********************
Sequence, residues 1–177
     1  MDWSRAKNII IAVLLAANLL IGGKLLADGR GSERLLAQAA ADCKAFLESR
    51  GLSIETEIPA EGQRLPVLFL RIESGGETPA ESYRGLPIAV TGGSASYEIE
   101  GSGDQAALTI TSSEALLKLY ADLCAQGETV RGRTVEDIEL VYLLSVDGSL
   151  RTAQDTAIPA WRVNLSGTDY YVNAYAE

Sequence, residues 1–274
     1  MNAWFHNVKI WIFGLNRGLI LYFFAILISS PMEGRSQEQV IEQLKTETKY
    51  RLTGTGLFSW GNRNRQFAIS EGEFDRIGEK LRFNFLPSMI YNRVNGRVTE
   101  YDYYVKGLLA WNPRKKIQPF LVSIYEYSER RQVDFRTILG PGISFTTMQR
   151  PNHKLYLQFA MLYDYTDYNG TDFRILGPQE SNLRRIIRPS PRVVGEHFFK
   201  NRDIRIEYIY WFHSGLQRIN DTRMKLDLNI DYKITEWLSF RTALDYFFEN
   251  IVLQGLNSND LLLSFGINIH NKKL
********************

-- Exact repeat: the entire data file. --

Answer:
Sequence, residues 1–177
     1  MDWSRAKNII IAVLLAANLL IGGKLLADGR GSERLLAQAA ADCKAFLESR
    51  GLSIETEIPA EGQRLPVLFL RIESGGETPA ESYRGLPIAV TGGSASYEIE
   101  GSGDQAALTI TSSEALLKLY ADLCAQGETV RGRTVEDIEL VYLLSVDGSL
   151  RTAQDTAIPA WRVNLSGTDY YVNAYAE

Sequence, residues 1–274
     1  MNAWFHNVKI WIFGLNRGLI LYFFAILISS PMEGRSQEQV IEQLKTETKY
    51  RLTGTGLFSW GNRNRQFAIS EGEFDRIGEK LRFNFLPSMI YNRVNGRVTE
   101  YDYYVKGLLA WNPRKKIQPF LVSIYEYSER RQVDFRTILG PGISFTTMQR
   151  PNHKLYLQFA MLYDYTDYNG TDFRILGPQE SNLRRIIRPS PRVVGEHFFK
   201  NRDIRIEYIY WFHSGLQRIN DTRMKLDLNI DYKITEWLSF RTALDYFFEN
   251  IVLQGLNSND LLLSFGINIH NKKL